CHICAGO — Detroit's chief bankruptcy mediator has ordered Financial Guaranty Insurance Co., one of the last holdout creditors in the city's Chapter 9 bankruptcy case, into talks with the city and other major creditors Friday.
Detroit reached an agreement in principal with Syncora Guarantee Inc. on Tuesday, and the city was to meet with Syncora and other creditors on Thursday in court-ordered mediation.
If the Syncora settlement is finalized, it would leave FGIC the last remaining creditor who has not settled with the city.
US District Chief Judge Gerald Rosen, the chief mediator, ordered that FGIC join the negotiations on Friday. The goal is to resolve a dispute on $1.5 billion of pension certificates of participation the city is trying to repudiate, one of the last hurdles blocking the city's smooth exit from bankruptcy.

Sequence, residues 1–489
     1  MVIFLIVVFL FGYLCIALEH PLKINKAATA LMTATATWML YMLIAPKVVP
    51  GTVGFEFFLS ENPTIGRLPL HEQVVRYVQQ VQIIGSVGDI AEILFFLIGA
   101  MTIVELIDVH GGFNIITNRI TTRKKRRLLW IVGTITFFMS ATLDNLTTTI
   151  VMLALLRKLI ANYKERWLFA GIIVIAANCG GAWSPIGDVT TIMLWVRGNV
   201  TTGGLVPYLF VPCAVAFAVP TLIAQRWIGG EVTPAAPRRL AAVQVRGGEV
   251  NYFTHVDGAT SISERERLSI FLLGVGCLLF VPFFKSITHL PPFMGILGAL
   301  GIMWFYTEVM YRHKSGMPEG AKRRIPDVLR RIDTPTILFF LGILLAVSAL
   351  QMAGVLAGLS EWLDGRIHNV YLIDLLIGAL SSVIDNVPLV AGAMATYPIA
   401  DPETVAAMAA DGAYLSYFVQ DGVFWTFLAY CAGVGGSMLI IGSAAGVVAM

FGIC insures roughly $1.1 billion of certificates of pension the city is trying to repudiate. Syncora holds just under $400 million of the COPs.
Other creditors joining Syncora and Detroit on both Thursday and Friday include Ambac Assurance Co. and Blackrock, which wrap and hold the city's limited-tax general obligation bonds, and a committee representing retirees. Those creditors need to sign off on the Syncora settlement as stipulated in their own, separate deals with the city.
UBS AG and Merrill Lynch Capital Services, the two banks that are the counterparties on interest-rate swaps that Syncora insures, are also part of the talks. Syncora said it won't sign off on the settlement unless the banks release them from responsibility for paying off the swaps.
The parties required to join talks on Friday include: The City of Detroit, Syncora Capital Assurance, Inc., UBS AG, SBS Financial Products Co., LLC, Merrill Lynch Capital Services, Inc., Ambac Assurance Corp., Black Rock Financial Management, Official Committee of Retirees, Wilmington Trust Company, NA, as successor to U.S. Bank NA, as Trustee and Contract Administrator, and Financial Guaranty Insurance Corporation.